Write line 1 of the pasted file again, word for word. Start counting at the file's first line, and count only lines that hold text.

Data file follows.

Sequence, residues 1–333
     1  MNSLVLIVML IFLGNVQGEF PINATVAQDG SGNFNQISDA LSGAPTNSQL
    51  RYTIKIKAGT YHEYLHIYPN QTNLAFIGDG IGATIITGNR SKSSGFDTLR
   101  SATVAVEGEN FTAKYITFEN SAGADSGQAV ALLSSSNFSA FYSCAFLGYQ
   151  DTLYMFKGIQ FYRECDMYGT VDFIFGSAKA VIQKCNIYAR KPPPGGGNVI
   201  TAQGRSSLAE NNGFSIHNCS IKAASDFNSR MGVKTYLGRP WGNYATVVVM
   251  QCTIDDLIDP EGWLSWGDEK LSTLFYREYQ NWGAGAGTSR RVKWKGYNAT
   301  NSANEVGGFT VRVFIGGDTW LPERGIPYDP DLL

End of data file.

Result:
Sequence, residues 1–333